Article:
subordinate officer or employee under his authority pending an investigation, if the charge against such
officer or employee involves dishonesty, oppression or grave misconduct, or neglect in the performance
of duty, or if there are reasons to believe that the respondent is guilty of charges which would warrant his
removal from the service.

Imposed during the pendency of an administrative investigation, preventive suspension is not a penalty in itself. It is
merely a measure of precaution so that the employee who is charged may be separated, for obvious reasons, from the
scene of his alleged misfeasance while the same is being investigated. 7 Thus, preventive suspension is distinct from the
administrative penalty of removal from office such as the one mentioned in Sec. 8(d) of P.D. No 857. While the former
may be imposed on a respondent during the investigation of the charges against him, the latter is the penalty which may
only be meted upon him at the termination of the investigation or the final disposition of the case.

The PPA general manager is the disciplining authority who may, by himself and without the approval of the PPA Board of
Directors, subject a respondent in an administrative case to preventive suspension. His disciplinary powers are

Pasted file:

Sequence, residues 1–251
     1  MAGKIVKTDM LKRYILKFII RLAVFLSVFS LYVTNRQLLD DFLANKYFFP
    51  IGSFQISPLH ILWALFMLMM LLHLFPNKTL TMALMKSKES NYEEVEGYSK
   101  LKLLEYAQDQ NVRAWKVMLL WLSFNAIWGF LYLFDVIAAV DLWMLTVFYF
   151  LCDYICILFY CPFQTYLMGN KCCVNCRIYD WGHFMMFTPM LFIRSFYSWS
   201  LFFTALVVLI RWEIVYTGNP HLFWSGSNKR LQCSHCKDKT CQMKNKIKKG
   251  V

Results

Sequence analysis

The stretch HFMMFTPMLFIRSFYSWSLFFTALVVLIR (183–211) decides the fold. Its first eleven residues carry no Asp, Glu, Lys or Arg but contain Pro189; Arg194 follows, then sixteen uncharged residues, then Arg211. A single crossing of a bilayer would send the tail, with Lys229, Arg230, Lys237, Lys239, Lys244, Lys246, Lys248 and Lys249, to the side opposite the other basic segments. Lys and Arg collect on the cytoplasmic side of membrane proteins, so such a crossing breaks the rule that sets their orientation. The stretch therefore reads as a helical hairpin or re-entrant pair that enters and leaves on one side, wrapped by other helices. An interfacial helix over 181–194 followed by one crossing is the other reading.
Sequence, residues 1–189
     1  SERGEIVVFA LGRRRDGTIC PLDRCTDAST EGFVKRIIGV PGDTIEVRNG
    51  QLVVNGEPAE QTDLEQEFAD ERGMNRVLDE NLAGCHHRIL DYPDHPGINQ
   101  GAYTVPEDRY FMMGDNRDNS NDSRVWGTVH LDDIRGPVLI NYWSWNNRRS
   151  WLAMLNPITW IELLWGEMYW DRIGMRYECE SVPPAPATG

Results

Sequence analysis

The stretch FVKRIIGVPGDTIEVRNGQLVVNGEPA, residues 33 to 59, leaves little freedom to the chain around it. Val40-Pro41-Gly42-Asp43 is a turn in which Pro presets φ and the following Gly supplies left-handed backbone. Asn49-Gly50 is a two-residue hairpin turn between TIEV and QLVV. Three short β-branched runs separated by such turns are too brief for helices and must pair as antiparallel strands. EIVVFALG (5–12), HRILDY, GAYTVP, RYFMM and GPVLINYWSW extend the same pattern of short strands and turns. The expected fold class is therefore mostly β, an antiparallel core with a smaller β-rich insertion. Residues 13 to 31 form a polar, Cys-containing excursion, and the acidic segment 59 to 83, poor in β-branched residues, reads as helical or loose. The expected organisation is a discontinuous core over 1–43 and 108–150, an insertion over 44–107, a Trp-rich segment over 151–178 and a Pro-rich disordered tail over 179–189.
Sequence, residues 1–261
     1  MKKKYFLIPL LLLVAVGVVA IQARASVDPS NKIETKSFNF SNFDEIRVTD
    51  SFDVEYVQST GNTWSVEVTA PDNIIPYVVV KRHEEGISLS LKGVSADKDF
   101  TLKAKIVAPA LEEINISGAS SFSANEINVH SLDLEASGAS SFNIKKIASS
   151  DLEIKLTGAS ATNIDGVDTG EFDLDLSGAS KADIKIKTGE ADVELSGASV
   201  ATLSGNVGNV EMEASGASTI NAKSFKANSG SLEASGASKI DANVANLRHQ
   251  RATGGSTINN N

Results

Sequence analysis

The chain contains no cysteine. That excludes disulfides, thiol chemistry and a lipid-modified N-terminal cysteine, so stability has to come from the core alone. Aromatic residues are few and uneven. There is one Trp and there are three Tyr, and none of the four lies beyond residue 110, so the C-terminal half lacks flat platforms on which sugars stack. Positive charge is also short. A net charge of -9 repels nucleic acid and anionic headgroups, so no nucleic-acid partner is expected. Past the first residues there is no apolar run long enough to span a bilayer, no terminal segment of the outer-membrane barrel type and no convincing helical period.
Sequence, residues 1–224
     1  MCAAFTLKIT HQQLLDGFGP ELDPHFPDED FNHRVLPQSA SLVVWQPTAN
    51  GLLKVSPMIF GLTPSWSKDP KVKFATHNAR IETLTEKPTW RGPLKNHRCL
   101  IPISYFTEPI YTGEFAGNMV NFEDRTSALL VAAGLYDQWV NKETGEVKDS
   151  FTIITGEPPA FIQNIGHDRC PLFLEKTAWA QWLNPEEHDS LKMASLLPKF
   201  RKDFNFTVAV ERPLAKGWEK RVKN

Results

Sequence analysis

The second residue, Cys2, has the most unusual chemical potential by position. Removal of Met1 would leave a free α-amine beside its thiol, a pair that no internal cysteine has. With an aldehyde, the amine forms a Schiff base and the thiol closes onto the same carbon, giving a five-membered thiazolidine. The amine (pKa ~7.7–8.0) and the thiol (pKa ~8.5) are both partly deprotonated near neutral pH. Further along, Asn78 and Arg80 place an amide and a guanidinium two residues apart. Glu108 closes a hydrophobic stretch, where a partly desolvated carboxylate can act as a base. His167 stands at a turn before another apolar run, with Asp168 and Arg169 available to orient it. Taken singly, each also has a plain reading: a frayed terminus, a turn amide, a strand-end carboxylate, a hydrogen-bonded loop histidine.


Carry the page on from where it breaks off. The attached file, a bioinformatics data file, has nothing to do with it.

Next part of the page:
sanctioned, not only by Sec. 8 of P.D. No. 857 aforequoted, but also by Sec. 37 of P.D. No. 807 granting heads of
agencies the "jurisdiction to investigate and decide matters involving disciplinary actions against officers and employees"
in the PPA.
Parenthetically, the period of preventive suspension is limited. It may be lifted even if the disciplining authority has not
finally decided the administrative case provided the ninety-day period from the effectivity of the preventive suspension has
been exhausted. The employee concerned may then be reinstated. 8 However, the said ninety-day period may be
interrupted. Section 42 of P.D. No. 807 also mandates that any fault, negligence or petition of a suspended employee may
not be considered in the computation of the said period. Thus, when a suspended employee obtains from a court of
justice a restraining order or a preliminary injunction inhibiting proceedings in an administrative case, the lifespan of such
court order should be excluded in the reckoning of the permissible period of the preventive suspension. 9

With respect to the issue of whether or not the DOTC Secretary and/or the AAB may initiate and hear administrative